Return to Community

We at the Talmidei Yeshua Fellowship have been deeply convicted to gather together not as the typical congregation but as a Believing community. There are many important differences between these two concepts. Understanding these differences and realizing why we should assemble as a community as opposed to a typical congregation is critical to both individual and collective growth, to spreading the Word, and to serving others as Yeshua commanded us.

The first distinction is found in the very purpose of assembling. While a great deal of emphasis has been placed on assembling together throughout the millennia, the idea of a congregation does not pay much attention to why believers should gather together. Many people will answer saying that it is a Biblical order (for indeed it is) to do so, but they do not truly understand the heart of this commandment. Some find it an effective, entertaining pastime for an otherwise long, tedious day without work. Others believe it is a place to learn new things about Scriptures. Still others believer it is a place to socialize with people of similar belief and priorities.

None of these emphases, though, properly align with the Scriptural explanation. The idea of a community, on the other hand, is based on Hebrews 10:24-25: “And let us be concerned for one another in order to stir up love and good works, not forsaking the assembling of ourselves together, as is the habit of some, but encouraging, and so much more as you see the Day coming near.” In a community, believers are told by the Word to focus themselves on encouraging and helping each other to prepare vigorously for the coming Day. Believers gather to learn from each other, to be encouraged by one another, and to compliment each other’s abilities to better glorify our Father, not through mere attending of services but through working together continually to further the Kingdom of Heaven.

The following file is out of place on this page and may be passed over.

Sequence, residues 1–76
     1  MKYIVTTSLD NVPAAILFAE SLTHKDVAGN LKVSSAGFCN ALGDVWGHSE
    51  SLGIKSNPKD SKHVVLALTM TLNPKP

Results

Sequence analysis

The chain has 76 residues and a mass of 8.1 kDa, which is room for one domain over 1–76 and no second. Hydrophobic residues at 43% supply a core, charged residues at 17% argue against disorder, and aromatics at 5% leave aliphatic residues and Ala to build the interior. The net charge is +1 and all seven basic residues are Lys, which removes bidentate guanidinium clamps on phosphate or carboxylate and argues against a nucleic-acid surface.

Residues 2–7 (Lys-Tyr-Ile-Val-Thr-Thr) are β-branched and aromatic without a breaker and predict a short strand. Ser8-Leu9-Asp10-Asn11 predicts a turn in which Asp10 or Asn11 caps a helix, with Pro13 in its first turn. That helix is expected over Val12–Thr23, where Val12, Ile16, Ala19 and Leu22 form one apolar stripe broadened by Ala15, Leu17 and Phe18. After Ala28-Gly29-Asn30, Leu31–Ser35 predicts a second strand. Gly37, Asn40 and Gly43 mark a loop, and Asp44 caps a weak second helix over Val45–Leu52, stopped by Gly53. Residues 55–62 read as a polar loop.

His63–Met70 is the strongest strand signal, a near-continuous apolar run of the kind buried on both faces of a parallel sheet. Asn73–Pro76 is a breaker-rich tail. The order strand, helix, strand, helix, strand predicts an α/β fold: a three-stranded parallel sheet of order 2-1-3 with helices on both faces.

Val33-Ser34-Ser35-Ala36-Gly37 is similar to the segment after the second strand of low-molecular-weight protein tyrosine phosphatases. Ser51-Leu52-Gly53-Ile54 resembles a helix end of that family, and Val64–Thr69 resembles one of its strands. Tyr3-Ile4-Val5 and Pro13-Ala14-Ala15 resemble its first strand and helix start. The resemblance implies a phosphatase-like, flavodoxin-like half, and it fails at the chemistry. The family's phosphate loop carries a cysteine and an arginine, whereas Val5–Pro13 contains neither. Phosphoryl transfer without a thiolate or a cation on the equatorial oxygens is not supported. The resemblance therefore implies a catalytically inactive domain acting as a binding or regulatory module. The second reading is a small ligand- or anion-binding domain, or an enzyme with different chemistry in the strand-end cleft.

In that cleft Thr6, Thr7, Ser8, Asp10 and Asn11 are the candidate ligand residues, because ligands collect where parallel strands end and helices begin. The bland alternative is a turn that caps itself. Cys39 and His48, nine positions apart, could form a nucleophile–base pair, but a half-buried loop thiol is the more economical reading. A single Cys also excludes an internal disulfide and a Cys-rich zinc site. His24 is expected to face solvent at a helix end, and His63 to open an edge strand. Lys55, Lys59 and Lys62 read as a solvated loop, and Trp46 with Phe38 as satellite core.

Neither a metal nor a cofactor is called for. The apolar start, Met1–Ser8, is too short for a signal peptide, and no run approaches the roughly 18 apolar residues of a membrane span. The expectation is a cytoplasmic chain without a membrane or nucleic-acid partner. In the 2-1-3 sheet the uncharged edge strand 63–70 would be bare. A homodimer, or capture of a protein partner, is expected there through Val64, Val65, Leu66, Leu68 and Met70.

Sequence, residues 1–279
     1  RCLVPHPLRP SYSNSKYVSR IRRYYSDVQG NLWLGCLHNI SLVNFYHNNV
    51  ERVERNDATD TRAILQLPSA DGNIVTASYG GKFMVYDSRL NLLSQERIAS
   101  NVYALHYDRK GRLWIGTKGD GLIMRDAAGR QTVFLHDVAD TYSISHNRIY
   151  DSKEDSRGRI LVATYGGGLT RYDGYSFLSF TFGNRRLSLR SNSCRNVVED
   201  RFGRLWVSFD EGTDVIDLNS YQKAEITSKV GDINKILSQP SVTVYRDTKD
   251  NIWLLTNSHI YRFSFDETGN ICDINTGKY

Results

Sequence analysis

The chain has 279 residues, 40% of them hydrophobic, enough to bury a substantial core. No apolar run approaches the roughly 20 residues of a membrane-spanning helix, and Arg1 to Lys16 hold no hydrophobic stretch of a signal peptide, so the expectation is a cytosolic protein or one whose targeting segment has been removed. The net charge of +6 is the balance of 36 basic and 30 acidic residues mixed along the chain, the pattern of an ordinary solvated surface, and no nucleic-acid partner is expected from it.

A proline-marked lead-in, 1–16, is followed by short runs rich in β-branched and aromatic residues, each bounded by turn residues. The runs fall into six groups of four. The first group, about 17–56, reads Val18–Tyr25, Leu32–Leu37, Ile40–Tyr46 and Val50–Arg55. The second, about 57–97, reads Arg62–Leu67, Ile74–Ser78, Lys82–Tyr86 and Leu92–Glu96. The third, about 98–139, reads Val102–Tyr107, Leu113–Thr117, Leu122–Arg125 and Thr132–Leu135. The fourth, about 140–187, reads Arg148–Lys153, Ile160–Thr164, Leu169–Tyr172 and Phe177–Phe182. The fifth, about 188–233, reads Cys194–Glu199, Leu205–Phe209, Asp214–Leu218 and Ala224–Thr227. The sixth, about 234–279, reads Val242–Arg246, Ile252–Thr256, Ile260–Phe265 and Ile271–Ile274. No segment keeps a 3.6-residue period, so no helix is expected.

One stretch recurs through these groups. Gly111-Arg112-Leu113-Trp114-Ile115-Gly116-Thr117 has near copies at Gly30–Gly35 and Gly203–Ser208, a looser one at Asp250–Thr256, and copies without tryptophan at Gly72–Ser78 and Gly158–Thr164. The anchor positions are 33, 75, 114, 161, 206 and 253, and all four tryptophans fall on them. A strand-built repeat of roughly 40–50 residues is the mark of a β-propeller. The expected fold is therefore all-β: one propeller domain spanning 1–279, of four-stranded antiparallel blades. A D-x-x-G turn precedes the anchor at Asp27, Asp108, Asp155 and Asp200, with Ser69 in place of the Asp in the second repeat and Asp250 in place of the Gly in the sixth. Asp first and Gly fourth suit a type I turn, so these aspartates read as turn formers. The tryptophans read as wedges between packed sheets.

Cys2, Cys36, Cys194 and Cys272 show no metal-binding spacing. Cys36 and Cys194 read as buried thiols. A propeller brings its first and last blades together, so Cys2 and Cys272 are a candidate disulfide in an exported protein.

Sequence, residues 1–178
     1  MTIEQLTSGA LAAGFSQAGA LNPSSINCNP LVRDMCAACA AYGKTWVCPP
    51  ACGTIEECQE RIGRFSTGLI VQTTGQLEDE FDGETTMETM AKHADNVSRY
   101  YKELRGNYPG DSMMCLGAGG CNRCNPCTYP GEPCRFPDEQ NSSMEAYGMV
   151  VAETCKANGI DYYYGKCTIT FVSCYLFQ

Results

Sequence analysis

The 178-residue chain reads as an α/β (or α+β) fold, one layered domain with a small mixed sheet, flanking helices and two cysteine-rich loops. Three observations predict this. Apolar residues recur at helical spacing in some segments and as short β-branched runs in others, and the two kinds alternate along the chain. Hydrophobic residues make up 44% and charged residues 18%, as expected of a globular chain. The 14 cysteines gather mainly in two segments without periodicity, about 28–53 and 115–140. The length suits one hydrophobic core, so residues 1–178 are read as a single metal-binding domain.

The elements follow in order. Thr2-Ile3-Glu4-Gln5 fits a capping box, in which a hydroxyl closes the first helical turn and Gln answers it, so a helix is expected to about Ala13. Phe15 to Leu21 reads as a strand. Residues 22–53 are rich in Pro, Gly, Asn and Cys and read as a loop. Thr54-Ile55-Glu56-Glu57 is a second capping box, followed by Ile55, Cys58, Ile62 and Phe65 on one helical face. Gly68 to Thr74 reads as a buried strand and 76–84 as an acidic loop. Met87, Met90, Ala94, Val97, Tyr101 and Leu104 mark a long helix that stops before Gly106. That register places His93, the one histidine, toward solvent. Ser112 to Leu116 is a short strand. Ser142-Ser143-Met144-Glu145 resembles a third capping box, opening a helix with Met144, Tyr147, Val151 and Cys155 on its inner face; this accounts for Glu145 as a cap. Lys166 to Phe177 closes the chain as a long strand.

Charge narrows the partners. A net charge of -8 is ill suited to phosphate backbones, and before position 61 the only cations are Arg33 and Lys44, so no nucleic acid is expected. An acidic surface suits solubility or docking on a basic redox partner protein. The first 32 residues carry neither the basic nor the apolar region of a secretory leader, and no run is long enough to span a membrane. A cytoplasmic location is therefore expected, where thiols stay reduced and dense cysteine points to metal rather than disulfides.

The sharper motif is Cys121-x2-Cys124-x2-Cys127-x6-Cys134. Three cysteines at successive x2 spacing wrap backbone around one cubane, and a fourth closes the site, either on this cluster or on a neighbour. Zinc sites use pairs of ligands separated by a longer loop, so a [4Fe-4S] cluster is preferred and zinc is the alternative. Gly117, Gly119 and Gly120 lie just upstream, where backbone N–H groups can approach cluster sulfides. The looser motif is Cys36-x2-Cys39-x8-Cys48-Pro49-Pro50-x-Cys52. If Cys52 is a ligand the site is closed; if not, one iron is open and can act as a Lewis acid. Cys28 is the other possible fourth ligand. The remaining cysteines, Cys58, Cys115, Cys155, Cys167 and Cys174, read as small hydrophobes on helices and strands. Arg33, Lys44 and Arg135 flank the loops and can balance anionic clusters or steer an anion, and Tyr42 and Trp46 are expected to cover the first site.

To make the community possible, believers must recognize a critical obstacle that will inevitably be met – slander and gossip. These two sins of the tongue (which reflect the evil of the heart, Luke 6:45) are the root of nearly all strife and quarreling in both congregations and communities: “Where do fights and strivings come from among you? Do they not come from your pleasures that battle in your members?” (James 4:1) Surprisingly, vanquishing these two destructive vices is very simple, though very challenging: “Humble yourselves in the sight of the Master, and He shall lift you up” (James 4:10). The key to fellowship in the Body of Messiah is to set aside one’s pride and to selflessly live for others, serving one another, as our Master demonstrated.

Read More